Project #1 – Fencing 2.0

If you read our earlier post about our first project, you know how much research we did in finding the best materials to keep our goats in their new pasture. We ended up going with the cattle panels — as they were sturdy, tall and essentially goat proof. Since the new fence has been installed, it has worked fantastically! No goats have managed to breach the fence — so they turned around and looked the other way…

For the next several weeks, the goats were content with their new found freedom. Approximately 2 acres of new pasture! All for them! But apparently the grass is always greener on the other side (ok, maybe it was literally greener, but that’s beside the point). Within a matter of two days, the goats escaped 7 times!

Drastic measures needed to be taken! Some quick brainstorming (i.e. Google how do I keep my goats from escaping?) led me to electric fencing. Many articles talked about electric fencing as the only way to deter goats, meaning it worked “most” of the time. So I made up my mind and decided this was what we needed. And as luck would have it, the previous owner must have asked Google the same question, because there was already wire run along the fence line with insulators already installed — all I needed to do was supply a power source.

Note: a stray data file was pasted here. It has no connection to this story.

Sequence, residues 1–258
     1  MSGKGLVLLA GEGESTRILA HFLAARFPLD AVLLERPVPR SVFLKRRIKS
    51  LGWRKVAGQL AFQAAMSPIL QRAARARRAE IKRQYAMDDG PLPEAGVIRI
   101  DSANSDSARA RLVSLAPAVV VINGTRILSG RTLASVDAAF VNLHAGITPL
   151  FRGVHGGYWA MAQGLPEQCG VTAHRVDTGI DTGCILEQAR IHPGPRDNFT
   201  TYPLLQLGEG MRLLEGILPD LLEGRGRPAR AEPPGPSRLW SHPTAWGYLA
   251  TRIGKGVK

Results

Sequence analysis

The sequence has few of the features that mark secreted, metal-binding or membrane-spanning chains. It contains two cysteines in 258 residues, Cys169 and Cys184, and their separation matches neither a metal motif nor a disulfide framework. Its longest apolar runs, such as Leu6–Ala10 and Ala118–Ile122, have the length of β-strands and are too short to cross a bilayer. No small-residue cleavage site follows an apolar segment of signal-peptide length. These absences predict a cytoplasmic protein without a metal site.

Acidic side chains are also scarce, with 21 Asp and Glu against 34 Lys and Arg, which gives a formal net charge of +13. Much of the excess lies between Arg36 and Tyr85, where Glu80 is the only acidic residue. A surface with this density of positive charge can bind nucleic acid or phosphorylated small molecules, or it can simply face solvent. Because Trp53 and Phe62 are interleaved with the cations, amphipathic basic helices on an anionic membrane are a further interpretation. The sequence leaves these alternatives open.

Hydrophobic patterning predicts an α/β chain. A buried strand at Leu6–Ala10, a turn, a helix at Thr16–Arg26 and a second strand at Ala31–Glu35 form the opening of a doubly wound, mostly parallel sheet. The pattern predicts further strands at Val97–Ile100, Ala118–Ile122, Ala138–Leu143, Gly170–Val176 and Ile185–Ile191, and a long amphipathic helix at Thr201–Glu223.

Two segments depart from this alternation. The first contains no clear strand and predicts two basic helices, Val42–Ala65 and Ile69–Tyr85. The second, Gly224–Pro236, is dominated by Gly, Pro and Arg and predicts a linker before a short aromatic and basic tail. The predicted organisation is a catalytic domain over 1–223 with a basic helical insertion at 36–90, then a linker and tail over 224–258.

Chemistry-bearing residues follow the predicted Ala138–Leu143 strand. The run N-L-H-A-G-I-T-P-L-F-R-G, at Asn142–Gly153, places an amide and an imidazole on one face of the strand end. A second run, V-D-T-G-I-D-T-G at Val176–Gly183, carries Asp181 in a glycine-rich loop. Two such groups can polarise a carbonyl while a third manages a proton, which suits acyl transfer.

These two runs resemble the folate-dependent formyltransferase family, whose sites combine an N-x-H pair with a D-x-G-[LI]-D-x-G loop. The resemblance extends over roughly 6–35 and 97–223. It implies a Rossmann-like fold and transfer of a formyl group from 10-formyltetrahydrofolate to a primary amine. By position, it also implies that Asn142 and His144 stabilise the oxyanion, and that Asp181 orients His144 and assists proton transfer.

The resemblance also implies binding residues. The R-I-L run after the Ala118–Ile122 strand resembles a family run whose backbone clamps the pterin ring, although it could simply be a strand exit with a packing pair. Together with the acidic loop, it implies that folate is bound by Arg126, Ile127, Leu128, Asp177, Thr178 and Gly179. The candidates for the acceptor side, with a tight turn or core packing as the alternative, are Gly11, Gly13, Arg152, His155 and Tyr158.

Apparently, you can’t just hook up a car battery to the line — won’t work. I learned this the hard way, I was desperate. I had just dragged Big Nina, our large Lamancha back over for what seemed like the hundredth time, and she become more stubborn and obstinate with every escape. Let me tell you that trying to move a 200 pound goat that doesn’t want to go is no easy feat. So yes, I tried the car battery — and was quickly disappointed. So, I forked over the money and went to the Tractor Supply Store and bought a Solar-powered Energizer by American Farm Works.

It was so easy to set up! The only catch was that you need to give it enough time to charge the battery via the sun. Big Nina, quickly learned that the grass wasn’t that much greener : )

Project #1 – Goat Fencing

Project #1 – Goat Fencing

Previously, Liz explained the need for new fencing for our herd of goats. We have many plans for the back part of our farm, but we can’t do anything until the existing goat pen is moved. Not only is the current goat pen in our way, but the fences are so dilapidated that we have jerry rigged it with zip ties and chicken wire just to keep the goats at bay. So we have decided that this will be the first project of the spring for us.